The opposite end of the first optical cable 110 is preferably connected to a first port on a scintillation detector (not shown) for receiving optical scintillation from the first waveguide 100. The first optical cable 110 preferably has a protective outer sheath or coating 111.
The scintillation detector may be any scintillation detector which converts the optical signal to an electrical signal including but not limited to photomultiplier tube, and avalance photodiode. When using a photomultiplier tube for measuring neutrons, the photomultiplier tube is preferably operated at a negative high voltage of about 1000 V. The photoelectron signal is pick off the last dynode with a high-speed electronics circuit. The high-speed electronics circuit has a preamplifier connected to a 60-ns integrator which is followed by a discriminating and pulse-counting circuit. The discriminating circuit has a threshold set at least about 1.25 photoelectrons to minimize photomultiplier tube dark count and gamma-ray sensitivity. In a reactor environment, the threshold needs to be set higher for the intense gamma-ray fields therein.
The apparatus of the present invention may be used for determining the relative location with respect to the patient of the therapeutic radiation as well as a dose level. In FIG. 4, in addition to the first waveguide 100, a second waveguide 400 is added. In order to distinguish between scintillation from the first waveguide 100 and the second waveguide 400, the second waveguide 400 is constructed to scintillate a different color light compared to the first waveguide 100. Different color light scintillation is achieved by using different activators, for example a rare earth, (e.g. cerium (Ce+++), erbium) in glasses or crystals; sodium or thallium in alkali halide crystals such as cesium iodide; or different wavelength shifters, for example, 3-hydroxy-flavone. The scintillation detector 300 or 304 must then be able to distinguish between light signals of the different colors.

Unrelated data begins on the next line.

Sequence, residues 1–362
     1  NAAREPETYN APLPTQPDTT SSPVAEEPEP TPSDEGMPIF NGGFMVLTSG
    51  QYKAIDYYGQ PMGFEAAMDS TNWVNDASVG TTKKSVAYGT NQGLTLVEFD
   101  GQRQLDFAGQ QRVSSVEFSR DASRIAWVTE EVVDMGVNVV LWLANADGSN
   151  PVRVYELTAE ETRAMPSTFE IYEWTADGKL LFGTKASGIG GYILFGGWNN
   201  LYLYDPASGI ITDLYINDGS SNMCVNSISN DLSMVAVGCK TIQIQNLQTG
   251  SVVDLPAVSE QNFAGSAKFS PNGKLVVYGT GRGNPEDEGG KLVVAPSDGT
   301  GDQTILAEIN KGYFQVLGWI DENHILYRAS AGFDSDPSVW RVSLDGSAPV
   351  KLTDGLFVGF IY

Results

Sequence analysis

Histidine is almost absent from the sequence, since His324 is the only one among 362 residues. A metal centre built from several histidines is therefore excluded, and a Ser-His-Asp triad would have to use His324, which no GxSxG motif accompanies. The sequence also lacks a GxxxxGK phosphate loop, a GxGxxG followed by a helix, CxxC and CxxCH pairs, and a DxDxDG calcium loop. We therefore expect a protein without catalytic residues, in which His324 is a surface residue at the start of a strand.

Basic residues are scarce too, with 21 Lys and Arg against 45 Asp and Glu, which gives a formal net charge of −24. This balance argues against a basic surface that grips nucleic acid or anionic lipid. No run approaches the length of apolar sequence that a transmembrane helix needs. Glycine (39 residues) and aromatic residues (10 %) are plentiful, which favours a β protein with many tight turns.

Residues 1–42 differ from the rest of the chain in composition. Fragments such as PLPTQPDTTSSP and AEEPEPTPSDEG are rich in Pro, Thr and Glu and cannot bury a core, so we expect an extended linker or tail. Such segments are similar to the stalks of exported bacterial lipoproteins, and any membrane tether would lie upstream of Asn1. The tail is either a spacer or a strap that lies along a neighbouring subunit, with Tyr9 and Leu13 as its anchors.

An experiment was conducted to demonstrate radiation detection of the present invention. Two probes were constructed as shown in FIG. 5a, 5b. In FIG. 5a, the first waveguide 100 was mounted in a commercial fiber-optic connector 500. The commercial fiber-optic connector 500 has an outer housing 503 that holds two inner sleeves 505 into which are inserted the first waveguide 100 and the first optical cable 110. Epoxy 507 was used to secure the first waveguide 100 and the first optical cable 110 in the inner sleeves 505. In FIG. 5b, the first waveguide 100 with its cladding 502 is glued with silicon into a first glass capillary 504 as a waveguide assembly. The waveguide assembly is glued within a second capillary 506 together with an adjoining commercial clad optical fiber 110. The second capillary 506 extends over the commercial optical fiber 110 and any annular space therebetween is filled with silicon 508.
Fluxes typical of boron neutron capture therapy (about 1019 n/cm2 /sec) and an epicadmium flux have been measured with both probes for periods in excess of an hour. The response of the waveguide 100 was linear with reactor power at the higher (≧10 kW) reactor powers. At lower powers (<10 kW), the residual gamma-ray flux was large enough that the detector response was not linear with reactor power. Even though the pulse-height threshold was not optimized for gamma-ray rejection, the gamma-ray interference was still quite small. The gamma-ray sensitivity would be reduced by more than an order of magnitude by increasing the threshold bias by 50%.
No degradation was observed after leaving a waveguide 100 in the reactor gamma-ray field for 16 hours.
While a preferred embodiment of the present invention has been shown and described, it will be apparent to those skilled in the art that many changes and modifications may be made without departing from the invention in its broader aspects. The appended claims are therefore intended to cover all such changes and modifications as fall within the true spirit and scope of the invention.